X

   

X

 
 

d. Aerobic exercise 20–60 minutes, 3–7 days/week; continuous or accumulated

2

2

 

X

             

X

   
 

e. Cardiovascular endurance should be large proportion of activity

3

1

               

X

   
 

f. Strengthening exercises: 4–10 types, 2–3 days/week

3

3

  

X

          

X

 

X

   
 

g. Flexibility exercises: 2–3 days/week

3

2

  

X

            

X

   
 

h. Coordination & balance exercises: 2–3 days/week

3

2

  

X

            

X

   
 

i. Upper limb exercises 1 hour, 6 days/week

3

1

 

X

                 
 

j. Warm-up: 15–20 minutes including range of movement and large muscle group activity

2

2

             

X

X

    
 

k. Aerobic warm-up and cool-down, 3–5 minutes at lower intensity

2

2

  

X

          

X

     
 

l. Aerobic: up to 10 exercises alternating cardiovascular & local muscle endurance

3

2

             

X

X

    
 

m. Include home exercises to increase dose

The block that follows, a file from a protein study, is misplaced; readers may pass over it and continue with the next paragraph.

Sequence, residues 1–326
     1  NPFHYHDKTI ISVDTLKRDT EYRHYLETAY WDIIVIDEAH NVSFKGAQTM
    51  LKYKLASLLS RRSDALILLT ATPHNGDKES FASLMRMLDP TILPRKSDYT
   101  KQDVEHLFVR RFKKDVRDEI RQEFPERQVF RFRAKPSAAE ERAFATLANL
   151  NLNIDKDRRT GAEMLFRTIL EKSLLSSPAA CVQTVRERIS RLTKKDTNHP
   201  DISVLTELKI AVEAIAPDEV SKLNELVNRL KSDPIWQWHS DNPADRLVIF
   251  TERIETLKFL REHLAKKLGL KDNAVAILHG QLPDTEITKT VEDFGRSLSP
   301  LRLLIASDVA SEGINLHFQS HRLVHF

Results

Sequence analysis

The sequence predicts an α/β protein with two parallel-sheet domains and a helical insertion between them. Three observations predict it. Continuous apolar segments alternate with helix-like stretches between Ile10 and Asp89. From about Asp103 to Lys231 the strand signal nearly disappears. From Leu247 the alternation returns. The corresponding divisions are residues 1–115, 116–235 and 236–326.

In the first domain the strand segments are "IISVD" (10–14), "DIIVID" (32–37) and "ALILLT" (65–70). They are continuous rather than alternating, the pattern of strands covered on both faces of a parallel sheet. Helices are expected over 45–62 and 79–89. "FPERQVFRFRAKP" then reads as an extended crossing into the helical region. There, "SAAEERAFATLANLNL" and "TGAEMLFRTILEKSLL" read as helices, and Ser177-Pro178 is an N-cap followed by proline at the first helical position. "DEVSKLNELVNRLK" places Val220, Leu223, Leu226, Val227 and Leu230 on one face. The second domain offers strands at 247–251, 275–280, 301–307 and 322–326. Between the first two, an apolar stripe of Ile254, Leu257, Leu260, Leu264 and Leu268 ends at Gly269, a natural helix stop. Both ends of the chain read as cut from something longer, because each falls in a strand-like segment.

3

4

  

X

X

    

X

    

X

     

10

Structure programme to facilitate ongoing regular physical exercise

 

4

X

 

X

          

X

   

X

 
 

a. Pre-programme contact to discuss any programme barriers

3

3

  

X

          

X

 

X

   
 

b. Peer/volunteer to accompany to first one or two sessions

3

1

             

X

     
 

c. Minimal use of equipment to facilitate home practice

3

1

             

X

     
 

d. Promote family / carer involvement

1

10

X

 

X

X

    

X

X

 

X

  

X

X

X

X

 
 

e. Use peer mentoring

2

2

        

X

    

X

     
 

f. Use group format for social support

3

1

             

X

     
 

g. Provide opportunities to socialise before and after training

3

2

             

X

X

    
 

h. Use of mixed media including internet-based and tele-training

2

4

        

X

     

X

  

X

X